No Way To Work, No Way To Live

He who stands on tiptoe
doesn’t stand firm.
He who rushes ahead
doesn’t go far.
He who tries to shine
dims his own light.
He who defines himself
can’t know who he really is.
He who has power over others
can’t empower himself.
He who clings to his work
will create nothing that endures.

If you want to accord with the Tao,
just do your job, then let go.

-Lao Tzu-
(Tao Te Ching, chapter 24, translation by Stephen Mitchell)

Yesterday, we talked about how to open ourselves to the Tao, to be one with the Tao, and embody it completely. Then, Lao Tzu said, we can trust our natural responses and everything will fall into place. Today’s chapter is a contrast to yesterday’s chapter. It tells about what happens when we go against nature. If we want to accord with the Tao, we need to stop doing these things.

Why do we stand on tiptoe? Usually, it is because we are reaching for something just out of reach. But Lao Tzu isn’t shaming the vertically-challenged, here. It is okay that you sometimes have to stand on tiptoe to reach for a plate or a glass in a cupboard. But it is completely unnatural for us to always be standing on tiptoe. That is a metaphor for reaching for things before they are here. If it is beyond your reach, perhaps, it is because you should wait for it. Maybe it will never be within your reach, and maybe, just maybe, that is for the best. You cannot maintain your balance, while standing on tiptoe. You won’t stand firm.

When we aren’t reaching for things beyond our grasp, we are rushing ahead. We need to be going with the flow of the Tao. Trying to outpace it, won’t get us ahead. Rushing ahead of the perfect timing of the Tao, just isn’t natural; and we won’t go far.

A couple of chapters back, Lao Tzu said of the Master, “Because he doesn’t display himself, people can see his light.” That is our example for being in accord with the Tao. We need to be content to let the Tao shine in us. When we try to shine our own light, we only dim it.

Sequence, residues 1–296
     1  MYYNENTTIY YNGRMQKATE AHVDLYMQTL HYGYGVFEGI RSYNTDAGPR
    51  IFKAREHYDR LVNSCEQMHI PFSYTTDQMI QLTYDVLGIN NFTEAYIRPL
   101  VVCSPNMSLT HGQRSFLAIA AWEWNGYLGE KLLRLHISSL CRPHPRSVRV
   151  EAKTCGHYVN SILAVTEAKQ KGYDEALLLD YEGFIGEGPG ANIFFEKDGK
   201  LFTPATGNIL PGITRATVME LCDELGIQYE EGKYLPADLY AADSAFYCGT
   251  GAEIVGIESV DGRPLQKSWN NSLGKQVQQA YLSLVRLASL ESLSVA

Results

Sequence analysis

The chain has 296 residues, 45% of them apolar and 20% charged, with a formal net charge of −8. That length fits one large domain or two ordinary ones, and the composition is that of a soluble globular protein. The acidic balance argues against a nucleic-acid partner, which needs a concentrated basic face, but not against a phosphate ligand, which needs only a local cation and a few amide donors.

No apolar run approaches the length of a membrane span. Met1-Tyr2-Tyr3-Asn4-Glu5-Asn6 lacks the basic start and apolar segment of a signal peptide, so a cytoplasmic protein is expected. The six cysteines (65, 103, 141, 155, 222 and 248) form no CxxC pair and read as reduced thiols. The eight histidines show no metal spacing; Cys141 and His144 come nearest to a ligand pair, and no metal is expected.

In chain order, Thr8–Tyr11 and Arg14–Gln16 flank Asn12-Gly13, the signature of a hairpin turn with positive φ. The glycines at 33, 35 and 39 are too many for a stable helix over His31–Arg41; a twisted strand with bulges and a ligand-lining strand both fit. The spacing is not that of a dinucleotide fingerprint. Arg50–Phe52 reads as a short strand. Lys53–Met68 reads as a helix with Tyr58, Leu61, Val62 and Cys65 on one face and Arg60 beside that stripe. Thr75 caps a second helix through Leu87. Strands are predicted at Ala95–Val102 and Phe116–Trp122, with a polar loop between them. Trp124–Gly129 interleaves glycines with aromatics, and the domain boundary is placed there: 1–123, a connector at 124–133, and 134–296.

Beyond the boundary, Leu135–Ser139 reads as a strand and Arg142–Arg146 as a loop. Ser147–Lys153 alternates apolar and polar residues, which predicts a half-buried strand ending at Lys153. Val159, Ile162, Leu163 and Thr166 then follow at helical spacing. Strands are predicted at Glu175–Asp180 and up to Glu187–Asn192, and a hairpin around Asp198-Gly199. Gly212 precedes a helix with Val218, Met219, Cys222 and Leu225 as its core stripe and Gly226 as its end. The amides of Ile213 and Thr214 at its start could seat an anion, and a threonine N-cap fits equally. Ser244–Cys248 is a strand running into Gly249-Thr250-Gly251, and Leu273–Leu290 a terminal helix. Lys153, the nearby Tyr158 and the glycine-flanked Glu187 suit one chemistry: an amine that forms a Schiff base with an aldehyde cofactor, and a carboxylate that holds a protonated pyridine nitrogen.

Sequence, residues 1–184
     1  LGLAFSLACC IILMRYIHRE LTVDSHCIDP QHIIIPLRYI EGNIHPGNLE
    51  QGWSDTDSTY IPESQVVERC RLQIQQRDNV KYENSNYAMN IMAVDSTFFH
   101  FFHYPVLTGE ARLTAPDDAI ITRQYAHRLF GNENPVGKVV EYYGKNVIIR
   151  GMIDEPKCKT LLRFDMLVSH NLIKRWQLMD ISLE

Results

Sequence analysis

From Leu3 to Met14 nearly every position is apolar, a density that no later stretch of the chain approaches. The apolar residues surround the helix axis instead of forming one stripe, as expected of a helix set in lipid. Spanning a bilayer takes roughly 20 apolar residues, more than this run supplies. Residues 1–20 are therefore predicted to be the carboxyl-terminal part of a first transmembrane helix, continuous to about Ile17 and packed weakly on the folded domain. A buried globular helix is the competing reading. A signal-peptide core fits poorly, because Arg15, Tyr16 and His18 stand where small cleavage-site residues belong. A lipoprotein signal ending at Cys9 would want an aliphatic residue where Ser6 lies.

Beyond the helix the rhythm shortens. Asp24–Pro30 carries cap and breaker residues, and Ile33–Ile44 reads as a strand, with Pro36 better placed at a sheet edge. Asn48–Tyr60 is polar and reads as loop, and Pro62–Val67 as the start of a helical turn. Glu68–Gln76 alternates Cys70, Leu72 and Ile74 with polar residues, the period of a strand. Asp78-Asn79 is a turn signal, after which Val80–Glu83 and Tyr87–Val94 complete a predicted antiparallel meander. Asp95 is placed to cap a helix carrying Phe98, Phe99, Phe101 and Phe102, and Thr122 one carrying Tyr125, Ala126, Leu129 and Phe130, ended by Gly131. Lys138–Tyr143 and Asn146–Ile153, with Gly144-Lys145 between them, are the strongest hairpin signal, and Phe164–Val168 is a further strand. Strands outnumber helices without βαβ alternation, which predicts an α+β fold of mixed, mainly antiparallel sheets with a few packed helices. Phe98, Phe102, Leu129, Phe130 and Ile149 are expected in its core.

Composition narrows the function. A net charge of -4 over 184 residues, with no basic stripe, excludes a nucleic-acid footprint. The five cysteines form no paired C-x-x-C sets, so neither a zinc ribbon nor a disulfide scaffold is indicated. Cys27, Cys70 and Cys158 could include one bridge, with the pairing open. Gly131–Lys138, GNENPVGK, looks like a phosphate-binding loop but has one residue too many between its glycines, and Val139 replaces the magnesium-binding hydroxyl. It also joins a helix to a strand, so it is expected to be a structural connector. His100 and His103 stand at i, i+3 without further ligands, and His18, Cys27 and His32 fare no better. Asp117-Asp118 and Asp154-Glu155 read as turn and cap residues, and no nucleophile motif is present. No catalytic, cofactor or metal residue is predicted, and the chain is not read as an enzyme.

Then, there is our constant need to affix labels to ourselves. Even those of us that claim to eschew labels are guilty of this. Do we fear being labeled by others? Is that why we are so quick to try and define ourselves? But, the problem with what we think we know about ourselves is that we are self-deluded. We only think we know. We don’t know who we really are. Indeed, we can’t.

Lao Tzu spends a great deal of his time speaking to those who try to exercise power over others. He reserves his harshest criticism for those who try to control others. Philosophical Taoism isn’t about others. It is about the individual. It is a very individualistic approach to living. You need to focus on you. And leave others to take care of themselves. This individualism is what drew me to philosophical Taoism, in the first place. When you don’t try and control others, when you trust them and leave them alone, you empower them; and, at the same time, you empower yourself. When you have power over others, they become powerless; and, so do you.

Lao Tzu wraps things up with our attitude about the work we do. If we cling to it, we will create nothing that will endure. If we want to accord with the Tao, we need to know when to let go. When is that? We make things way too complicated. It isn’t complicated. It is really quite simple. Just do your job, then let go. Anything more than that and we are only practicing the other unnatural ways we find to behave. Standing on tiptoe. Rushing ahead. Trying to shine. Defining yourself. That is no way to work; and, no way to live.